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Horsepen resident Lake Hopson, who will turn 104 on April 29, has now lived through both the Spanish flu in 1918 and the current COVID-19 outbreak.

WILLIAMSON, W.Va. — Mingo County resident Lake Hopson is a very distinctive individual.

She is one of only a handful of people who can offer a firsthand account of both the 1918 Spanish influenza pandemic and that of the current COVID-19 outbreak.

And that's because Lake, who resides at Horsepen, West Virginia, and will turn 104 later this month on April 29, has lived long enough to remember and/or experience the two world-threatening events in real time.

The total number of people who will ultimately contract COVID-19 as well as the final death toll attributed to the virus are statistics still to be determined. But health officials believe the Spanish flu pandemic killed 500 million people worldwide, with a staggering 675,000 of those deaths having occurred in the United States alone.

While the long-retired McDowell and Mingo teacher and principal admits she was only a toddler in 1918, she quickly points out that this in no way means she is unable to vividly recall the consequences that resulted from the pandemic nor the ones that resulted from other life-and-death diseases that closely followed.

The almost unimaginable number of deaths resulting from the 1918 influenza pandemic as well as the many other deaths that resulted from other lesser known outbreaks that ensued as she got a little older, Lake explained, would cause this time in world history to be clearly and indelibly seared into her memory and ultimately make it possible for her to now compare that time with the present.

"Home confinement and isolation were a very big part of the first few years of my life because of what (the Spanish flu) did, but also because of outbreaks of diseases like Small Pox that came later," Lake said. "So I guess in this way, that general time was very similar to what's happening now."

In that era, Lake said, a great number people in this region of the world lived somewhat isolated from the rest of the country but not necessarily from one another.

Most commonly people lived in crowded coal camps, with each camp having its own coal company doctor who would come around to a home and treat the sick and then, if a communicable disease was diagnosed, immediately direct everyone else to shelter in place.

"You didn't question what he said, you took it very seriously and just didn't go beyond your own yard to play with other children or to visit ... you just didn't go against what he told you," she said. "Like now, he knew the only way to keep something really bad from spreading was to keep everyone isolated. That's what we're similarly seeing now, though not everyone today is doing what they're told to. But they sure did back then."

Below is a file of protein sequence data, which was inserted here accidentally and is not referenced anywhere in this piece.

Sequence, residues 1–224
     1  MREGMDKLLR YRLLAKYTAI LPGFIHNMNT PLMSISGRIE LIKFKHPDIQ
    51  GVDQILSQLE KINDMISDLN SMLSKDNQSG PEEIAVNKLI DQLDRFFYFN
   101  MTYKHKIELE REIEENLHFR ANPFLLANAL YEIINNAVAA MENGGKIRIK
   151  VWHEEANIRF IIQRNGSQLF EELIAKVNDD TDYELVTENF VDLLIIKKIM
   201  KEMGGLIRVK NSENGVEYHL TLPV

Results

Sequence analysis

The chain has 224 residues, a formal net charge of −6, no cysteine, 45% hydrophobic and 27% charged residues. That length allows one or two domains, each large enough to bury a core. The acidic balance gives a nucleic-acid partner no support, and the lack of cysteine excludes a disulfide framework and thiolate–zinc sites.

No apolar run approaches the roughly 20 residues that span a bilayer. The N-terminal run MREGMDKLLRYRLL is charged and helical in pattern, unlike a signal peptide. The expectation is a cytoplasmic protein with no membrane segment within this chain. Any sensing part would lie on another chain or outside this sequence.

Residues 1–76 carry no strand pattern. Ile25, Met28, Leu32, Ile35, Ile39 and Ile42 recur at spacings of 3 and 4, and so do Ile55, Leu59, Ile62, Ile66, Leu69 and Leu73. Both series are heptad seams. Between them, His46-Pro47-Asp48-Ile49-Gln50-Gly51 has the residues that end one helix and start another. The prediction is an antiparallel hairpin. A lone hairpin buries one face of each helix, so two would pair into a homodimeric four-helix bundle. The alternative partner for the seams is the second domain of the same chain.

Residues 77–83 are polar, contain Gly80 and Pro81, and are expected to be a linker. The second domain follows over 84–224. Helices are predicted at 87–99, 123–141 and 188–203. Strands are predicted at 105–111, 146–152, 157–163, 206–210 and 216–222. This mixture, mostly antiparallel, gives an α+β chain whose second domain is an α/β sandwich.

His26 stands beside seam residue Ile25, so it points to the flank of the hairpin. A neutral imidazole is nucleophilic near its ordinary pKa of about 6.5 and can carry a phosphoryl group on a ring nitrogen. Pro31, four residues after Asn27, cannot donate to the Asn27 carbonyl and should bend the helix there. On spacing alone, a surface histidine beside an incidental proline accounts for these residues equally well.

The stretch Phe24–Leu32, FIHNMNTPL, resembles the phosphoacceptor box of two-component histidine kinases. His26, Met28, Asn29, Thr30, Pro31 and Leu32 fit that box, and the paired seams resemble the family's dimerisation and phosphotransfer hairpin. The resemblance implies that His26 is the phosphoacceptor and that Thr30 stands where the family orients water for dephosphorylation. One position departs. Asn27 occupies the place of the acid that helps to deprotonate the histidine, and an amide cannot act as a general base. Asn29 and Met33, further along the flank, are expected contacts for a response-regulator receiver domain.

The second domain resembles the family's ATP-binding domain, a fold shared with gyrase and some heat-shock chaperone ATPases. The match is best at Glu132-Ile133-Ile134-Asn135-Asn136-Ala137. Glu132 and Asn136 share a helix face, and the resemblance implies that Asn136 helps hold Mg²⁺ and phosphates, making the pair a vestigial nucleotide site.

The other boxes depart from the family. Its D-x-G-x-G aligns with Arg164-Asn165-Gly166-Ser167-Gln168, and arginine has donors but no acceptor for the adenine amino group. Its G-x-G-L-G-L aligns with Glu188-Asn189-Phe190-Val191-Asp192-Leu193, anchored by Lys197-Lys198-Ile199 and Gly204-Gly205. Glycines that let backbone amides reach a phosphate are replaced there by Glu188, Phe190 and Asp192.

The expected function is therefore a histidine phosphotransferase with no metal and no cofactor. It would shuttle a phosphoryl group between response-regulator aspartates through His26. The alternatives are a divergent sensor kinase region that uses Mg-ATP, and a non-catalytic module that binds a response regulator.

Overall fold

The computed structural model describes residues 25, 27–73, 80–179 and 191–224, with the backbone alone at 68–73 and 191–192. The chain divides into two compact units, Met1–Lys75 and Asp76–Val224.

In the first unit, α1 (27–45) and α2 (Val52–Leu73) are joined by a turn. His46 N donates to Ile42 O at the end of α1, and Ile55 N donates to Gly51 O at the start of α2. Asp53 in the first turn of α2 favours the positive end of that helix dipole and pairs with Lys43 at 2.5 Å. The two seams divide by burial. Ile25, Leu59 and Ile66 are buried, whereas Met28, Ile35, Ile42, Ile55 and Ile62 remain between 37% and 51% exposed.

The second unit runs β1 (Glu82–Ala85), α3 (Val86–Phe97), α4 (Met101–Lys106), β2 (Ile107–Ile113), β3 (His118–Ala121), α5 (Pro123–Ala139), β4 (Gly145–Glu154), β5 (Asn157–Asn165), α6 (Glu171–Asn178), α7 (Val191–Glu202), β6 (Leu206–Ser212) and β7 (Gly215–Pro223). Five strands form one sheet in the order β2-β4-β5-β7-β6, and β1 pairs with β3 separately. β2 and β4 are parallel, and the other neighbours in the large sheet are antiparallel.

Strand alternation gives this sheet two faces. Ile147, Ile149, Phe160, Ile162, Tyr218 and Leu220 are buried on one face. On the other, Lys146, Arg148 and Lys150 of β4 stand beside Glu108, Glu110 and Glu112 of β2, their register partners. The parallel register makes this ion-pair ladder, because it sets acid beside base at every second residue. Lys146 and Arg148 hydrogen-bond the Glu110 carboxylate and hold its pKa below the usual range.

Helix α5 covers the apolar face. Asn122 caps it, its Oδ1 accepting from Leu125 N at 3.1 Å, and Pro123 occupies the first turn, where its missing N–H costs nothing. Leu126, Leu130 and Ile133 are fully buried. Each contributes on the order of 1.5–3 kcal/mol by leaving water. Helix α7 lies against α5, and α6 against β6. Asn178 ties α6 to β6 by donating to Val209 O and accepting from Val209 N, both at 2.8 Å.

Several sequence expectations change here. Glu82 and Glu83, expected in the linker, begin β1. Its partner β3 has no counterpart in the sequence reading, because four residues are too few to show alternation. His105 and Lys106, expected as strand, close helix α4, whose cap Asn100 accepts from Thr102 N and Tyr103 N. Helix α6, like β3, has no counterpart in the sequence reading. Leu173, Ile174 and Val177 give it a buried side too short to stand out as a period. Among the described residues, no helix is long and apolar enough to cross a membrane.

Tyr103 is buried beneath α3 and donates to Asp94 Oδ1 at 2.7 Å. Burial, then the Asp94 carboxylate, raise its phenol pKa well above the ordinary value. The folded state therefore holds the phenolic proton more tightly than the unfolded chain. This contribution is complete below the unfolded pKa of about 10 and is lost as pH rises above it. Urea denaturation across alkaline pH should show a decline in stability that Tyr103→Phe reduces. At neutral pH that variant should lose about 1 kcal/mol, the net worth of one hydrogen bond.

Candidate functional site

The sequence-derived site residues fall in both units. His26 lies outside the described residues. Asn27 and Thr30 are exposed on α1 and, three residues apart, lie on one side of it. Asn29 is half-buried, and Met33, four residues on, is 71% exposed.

Lake insisted a quarantine order was much more difficult on families then primarily because, markedly unlike today, there was no social networking, no FaceTime and, for the vast majority of families, not even a telephone one could use to call and check on family members and friends.

"Families were pretty much on their own, but you did the best you could ... different women would sometimes come to the very edge of a neighbor's property and try to communicate by hollering back and forth ... everyone tried to help one another the best they could, but always from a distance," she said.

Lake believes the current pandemic has at least the potential to be as catastrophic as the one that occurred in 1918, with possibly having an equal or even more tragic outcome in spite of all the advancements in medical treatment.

She bases this belief on the fact that there are far more people in the world now than populated it then, as well as the fact that people can move about and socially interact much more easily and efficiently than they could in the early part of the 20th Century.

But mostly she bases it on too many people seemingly still demonstrating a puzzling sense of indifference and/or non-urgency towards COVID-19 that was not even remotely evident during the 1918 flu pandemic, or, for that matter, at any other time during most of the years following her birth.

"Back then people listened and did what they were told to do, and you just don't see that as much today," she said. "If you didn't follow the rules in those days you were pretty much shunned and looked down on by everyone else. That's just not the case now, but if it was I really think you'd have less people breaking the rules and not doing what they've been told to do."

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